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United Sikhs presents a world view of Sikhs in the First Global
Civil Rights Report 2008
Feb 25 , 2009


Focussing on the Rights of the Sikh people spread far and wide, United Sikhs has come out with the first report, entitled Global Sikh Civil Rights Report 2008, chronicling the state of affairs of Sikhs living in many countries.  It is a good first attempt and is surely the harbinger of more exhaustive and compelling reports in future which the international community will find difficult to ignore.  

Compiled by a host of volunteers from across the world led by Lawyers, activists and writers Jaspreet Singh, Gurminder Singh, Gurpreet Singh, Dhani Ram Sapkota, Mejindarpal Kaur, Gurbachan Singh, Dr. Inderjeet Singh and Joga Singh, the report seeks to address the various civil, political and economic issues faced by Sikhs and urges governments and the United Nations to listen to the voice of the Sikh people in this year, which marks twenty-five years of anti-Sikh policies in India impacting the life and times of Sikhs all across the globe. 

Specifically for the United States, this pioneering report presents the situation after 9/11 and takes up the challenge of hate crime on the streets and in a cross section of the media.   

Perhaps, it is time for all similarly aligned and oriented Sikh organizations to share and pool their manpower and other resources to ensure that the delivery of solutions to various challenges becomes a reality. 

Every country and individual has a duty to defend human rights and help spread democracy’s blessings. The United Nations helps countries develop democratic institutions that will ensure human rights are respected over the long term. UNITED SIKHS calls upon countries to honor their international obligations to protect human rights. UNITED SIKHS stands in solidarity with the courageous men and women across the globe who live in fear yet dream of freedom to enjoy their fundamental human and civil rights as established in the Universal Declaration of Human Rights.

By defending and advancing human rights, civil rights and democratic principles, we keep faith with the world’s most cherished values and lay the foundation for lasting peace. While working to uphold the principles of the Universal Declaration of Human Rights and working to build vibrant communities worldwide, we understand that it may take generations to achieve peace, but it is work of the utmost urgency that cannot be delayed.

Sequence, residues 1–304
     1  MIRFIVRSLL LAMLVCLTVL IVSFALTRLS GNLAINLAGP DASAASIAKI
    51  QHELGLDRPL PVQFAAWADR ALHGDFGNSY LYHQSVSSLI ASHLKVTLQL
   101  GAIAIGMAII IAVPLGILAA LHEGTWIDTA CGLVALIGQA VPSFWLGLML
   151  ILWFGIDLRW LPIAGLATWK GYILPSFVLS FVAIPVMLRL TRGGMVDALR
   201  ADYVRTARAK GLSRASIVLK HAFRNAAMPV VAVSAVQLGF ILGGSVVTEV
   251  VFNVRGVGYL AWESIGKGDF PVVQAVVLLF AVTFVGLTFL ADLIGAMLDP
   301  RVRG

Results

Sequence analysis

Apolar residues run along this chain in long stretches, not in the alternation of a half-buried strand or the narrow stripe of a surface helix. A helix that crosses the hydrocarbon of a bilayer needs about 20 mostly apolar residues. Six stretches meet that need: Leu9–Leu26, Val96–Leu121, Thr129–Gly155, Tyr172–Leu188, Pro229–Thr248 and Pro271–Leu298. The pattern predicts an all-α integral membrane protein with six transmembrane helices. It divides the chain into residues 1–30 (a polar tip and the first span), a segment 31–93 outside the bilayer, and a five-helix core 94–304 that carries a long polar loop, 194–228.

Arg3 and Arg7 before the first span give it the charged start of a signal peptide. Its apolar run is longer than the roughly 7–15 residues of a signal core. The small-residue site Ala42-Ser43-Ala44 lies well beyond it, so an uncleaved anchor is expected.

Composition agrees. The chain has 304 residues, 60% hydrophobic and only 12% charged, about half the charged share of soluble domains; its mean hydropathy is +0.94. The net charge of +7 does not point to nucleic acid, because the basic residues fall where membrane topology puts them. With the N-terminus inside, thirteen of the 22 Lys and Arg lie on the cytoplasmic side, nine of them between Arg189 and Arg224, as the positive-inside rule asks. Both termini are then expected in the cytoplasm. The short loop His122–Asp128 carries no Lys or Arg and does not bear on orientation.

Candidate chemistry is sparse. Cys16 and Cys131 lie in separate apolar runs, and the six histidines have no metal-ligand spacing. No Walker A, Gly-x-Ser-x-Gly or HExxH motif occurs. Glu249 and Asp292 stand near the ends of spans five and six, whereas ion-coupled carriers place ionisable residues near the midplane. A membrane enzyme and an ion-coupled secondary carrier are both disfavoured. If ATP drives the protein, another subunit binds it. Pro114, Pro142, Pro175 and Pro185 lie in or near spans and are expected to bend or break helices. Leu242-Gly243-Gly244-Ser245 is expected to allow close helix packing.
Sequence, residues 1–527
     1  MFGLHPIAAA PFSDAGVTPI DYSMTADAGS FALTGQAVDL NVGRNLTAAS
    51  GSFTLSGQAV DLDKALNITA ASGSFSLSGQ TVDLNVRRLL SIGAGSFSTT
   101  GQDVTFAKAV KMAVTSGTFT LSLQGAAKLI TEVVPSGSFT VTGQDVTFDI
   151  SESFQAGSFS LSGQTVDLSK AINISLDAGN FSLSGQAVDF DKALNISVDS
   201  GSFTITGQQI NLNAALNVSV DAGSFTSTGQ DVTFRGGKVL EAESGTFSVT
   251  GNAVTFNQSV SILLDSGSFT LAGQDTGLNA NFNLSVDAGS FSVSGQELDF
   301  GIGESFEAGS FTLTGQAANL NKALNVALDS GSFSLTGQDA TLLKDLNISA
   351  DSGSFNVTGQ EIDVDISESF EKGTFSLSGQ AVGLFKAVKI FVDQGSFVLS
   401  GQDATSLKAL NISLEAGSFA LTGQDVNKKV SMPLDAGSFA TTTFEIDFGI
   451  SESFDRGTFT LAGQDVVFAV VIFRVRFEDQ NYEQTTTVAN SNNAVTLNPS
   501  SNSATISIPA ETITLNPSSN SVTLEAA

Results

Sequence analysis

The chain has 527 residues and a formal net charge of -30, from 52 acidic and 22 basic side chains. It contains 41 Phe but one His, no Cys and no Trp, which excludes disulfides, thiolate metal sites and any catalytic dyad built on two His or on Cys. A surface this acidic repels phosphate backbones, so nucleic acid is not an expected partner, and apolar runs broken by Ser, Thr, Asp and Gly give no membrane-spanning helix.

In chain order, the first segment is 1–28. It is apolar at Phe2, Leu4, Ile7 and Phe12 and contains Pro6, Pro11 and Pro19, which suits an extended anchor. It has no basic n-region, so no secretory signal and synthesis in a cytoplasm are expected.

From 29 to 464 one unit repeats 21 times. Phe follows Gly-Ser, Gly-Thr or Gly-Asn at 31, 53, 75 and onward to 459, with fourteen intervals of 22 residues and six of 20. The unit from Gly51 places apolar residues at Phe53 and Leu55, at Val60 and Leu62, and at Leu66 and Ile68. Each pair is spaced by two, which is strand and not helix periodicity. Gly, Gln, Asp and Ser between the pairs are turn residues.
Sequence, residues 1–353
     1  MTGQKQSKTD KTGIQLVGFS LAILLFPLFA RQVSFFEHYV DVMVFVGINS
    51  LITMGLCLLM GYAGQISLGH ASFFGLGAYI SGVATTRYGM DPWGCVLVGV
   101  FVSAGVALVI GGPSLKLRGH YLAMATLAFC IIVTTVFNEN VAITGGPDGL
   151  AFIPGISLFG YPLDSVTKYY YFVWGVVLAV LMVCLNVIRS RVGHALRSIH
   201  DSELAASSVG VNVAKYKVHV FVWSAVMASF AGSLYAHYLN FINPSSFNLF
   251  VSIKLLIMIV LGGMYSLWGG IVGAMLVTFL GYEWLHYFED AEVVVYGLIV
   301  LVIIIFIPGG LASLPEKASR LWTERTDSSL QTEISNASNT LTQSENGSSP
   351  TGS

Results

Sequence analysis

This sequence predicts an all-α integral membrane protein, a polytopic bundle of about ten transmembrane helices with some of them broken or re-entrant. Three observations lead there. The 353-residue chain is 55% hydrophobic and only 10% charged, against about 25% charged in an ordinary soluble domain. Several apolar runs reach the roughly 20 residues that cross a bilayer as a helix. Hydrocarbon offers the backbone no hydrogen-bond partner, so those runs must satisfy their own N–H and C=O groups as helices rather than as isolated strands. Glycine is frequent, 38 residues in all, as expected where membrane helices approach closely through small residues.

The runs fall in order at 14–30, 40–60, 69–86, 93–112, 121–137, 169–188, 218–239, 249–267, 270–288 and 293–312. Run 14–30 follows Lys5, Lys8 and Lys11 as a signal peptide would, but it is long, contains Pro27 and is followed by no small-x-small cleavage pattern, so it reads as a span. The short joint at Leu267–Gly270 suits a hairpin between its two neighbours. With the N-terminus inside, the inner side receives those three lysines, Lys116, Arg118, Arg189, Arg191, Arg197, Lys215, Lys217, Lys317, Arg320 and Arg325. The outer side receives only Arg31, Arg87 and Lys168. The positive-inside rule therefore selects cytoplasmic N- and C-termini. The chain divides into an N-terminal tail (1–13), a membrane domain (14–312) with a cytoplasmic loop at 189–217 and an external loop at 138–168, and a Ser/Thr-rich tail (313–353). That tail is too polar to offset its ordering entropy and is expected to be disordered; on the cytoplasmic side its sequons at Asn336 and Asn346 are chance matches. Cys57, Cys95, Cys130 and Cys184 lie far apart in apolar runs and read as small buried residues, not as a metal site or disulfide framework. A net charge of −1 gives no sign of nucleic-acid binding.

World View

Sikhism recognizes the universal truths that underlie all human endeavors, religions and belief systems, though people differ in how they institutionalize those beliefs into a code of conduct and a way of life. Much as Sikhs love their religion, Sikhism is equally respectful and tolerant of another - a non-Sikh - who loves his or her own religion in his or her own way. Sikhism asks a non-Sikh to discover and live the essential message and meaning of his own religion so that a Christian can become a better Christian, Jew a better Jew, Hindu a better Hindu, while a Sikh becomes a better Sikh.

Civil Rights Issues Facing Sikhs: The events of September 11, 2001 significantly changed the state of civil rights globally. Many countries tightened their borders, there was a marked global increase of arbitrary and illegal detentions, use of torture was well documented, and there has been a general constriction and conservative interpretation of basic freedoms. Commonly heralded as countries that were at the forefront of human rights, the United States and United Kingdom are being accused of many human rights violations in conjunction with the Iraqi conflict, the Afghan conflict, and the war on terror.

Sikhs have a long history of defending civil and human rights. Guru Nanak, the founder of the Sikh faith, sp oke out against the social and political injustices of the time. He fought state-sanctioned religious pers ecution and condemned discrimination against women. Guru Tegh Bahadur, the ninth Sikh Guru, sacrificed his life for another's right to choose his/her faith. 

The general consensus among Sikh advocacy organizations is that there is severe underreporting in the Sikh community, especially when it comes to bullying in schools, employment discrimination, mishandling by security officers at airports, mistreatment by police, and verbal harassment. As Sikhs are also part of a diasporic community, the underreporting stems from a variety of factors, some of which are a lack of trust of police, immigration status, language barriers, and general lack of understanding of the services and remedies available to address these problems.